Bridging Landscapes of Understanding
- We often claim innovation requires transdisciplinary learning – But is that so? Or is it still an aspiration?
- Where are we not transdisciplinary? Are we mistaking inter or multi for trans? (Why it matters)
- How might we structure transdisciplinary deep listening and progress towards constructive dialogue?
- How do we bridge different paradigms of working without getting into frustration and confusion?
Where are we effective in working together across disciplinary and mindset boundaries?
In social, business and policy innovation we often share a common context of collaboration in mixed, yet transitory groups. Often we find ourselves with experts and advisors from very different organizations, with academics and sponsors, designers in name or by kind, joining in bursts of teamwork to develop proposals, pitches, and processes. Adopting design thinking or collaborative sensemaking approaches, we also often assume these innovation methods shape the structure of participation and enable fluid collaboration.
Perhaps. It could even be that because we believe these practices enable collaboration, that we agree to “stay in flow” and don’t really question the authenticity or effectiveness of collaboration.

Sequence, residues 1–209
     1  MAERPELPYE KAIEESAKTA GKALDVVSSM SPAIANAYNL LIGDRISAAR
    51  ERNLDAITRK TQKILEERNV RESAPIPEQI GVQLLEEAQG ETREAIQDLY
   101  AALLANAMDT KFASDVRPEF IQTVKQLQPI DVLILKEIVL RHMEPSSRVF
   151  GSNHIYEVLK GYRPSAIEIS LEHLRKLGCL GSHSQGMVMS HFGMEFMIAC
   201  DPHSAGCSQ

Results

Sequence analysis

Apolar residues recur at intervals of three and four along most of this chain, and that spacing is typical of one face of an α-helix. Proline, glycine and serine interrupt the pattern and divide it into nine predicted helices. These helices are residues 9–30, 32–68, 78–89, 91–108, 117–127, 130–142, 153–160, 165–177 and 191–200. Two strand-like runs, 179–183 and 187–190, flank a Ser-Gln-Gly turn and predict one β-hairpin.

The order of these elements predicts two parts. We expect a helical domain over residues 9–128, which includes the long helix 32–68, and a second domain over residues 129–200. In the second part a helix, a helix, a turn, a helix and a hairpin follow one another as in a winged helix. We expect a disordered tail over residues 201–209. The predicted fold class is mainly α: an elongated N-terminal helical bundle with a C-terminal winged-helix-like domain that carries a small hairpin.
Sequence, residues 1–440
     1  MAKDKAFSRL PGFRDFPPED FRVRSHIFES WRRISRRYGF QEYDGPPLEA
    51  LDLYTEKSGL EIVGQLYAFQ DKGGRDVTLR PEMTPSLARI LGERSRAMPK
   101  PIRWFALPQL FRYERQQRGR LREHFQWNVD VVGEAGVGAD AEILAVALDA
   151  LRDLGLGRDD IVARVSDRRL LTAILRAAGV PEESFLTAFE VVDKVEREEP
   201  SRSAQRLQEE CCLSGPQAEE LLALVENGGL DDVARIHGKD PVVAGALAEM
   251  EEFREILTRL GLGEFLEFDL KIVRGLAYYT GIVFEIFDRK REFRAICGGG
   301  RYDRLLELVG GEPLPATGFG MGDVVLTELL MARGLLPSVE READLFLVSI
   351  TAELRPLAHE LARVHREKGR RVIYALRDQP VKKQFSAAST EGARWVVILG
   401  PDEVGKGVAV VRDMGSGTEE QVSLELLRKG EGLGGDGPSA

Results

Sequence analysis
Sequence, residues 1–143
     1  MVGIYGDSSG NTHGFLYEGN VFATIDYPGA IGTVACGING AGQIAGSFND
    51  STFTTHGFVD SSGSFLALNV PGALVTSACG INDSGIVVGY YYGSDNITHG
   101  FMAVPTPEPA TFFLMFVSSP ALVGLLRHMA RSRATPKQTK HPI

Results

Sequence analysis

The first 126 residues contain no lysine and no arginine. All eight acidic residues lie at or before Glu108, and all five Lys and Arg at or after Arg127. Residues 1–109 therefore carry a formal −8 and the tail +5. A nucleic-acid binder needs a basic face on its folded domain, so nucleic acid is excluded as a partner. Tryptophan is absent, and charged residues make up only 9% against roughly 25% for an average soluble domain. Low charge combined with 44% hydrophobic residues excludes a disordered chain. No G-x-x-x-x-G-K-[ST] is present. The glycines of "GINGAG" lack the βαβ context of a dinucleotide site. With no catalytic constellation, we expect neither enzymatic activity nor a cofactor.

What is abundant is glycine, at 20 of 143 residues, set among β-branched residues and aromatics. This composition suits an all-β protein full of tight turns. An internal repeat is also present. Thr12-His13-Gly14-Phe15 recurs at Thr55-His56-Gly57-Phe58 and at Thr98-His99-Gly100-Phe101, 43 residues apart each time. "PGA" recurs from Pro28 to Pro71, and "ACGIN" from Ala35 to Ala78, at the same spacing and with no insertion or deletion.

We would like to slow this process down and inquire: What does transdisciplinary collaboration mean?
Are we learning from one another’s disciplinary expertise or are we (more or less) aligning skillsets to produce a desired outcome together? How do we enable deep listening or dialogue to develop in collaborative relationships?
Stephen Sillett led this session on eliciting and observing transdisciplinary discourses, the metaphors motivating us, and search for the social affordances that may help create bridging relationships and inspire curiosity between our lived worlds and contexts.
What are the underlying physical metaphors and entailments that we do not typically notice? Can we learn to draw these out for understanding ourselves and others better in the everyday practices of collaborative innovation? Stephen has us look at our experiences of working across paradigms and challenges of communicating through unknowns. As part of his early PhD research, Stephen will also trial a reflection on these questions through adapting embodied, expressive and “topographic” approaches. (e.g., you may be asked to get out of your seats!)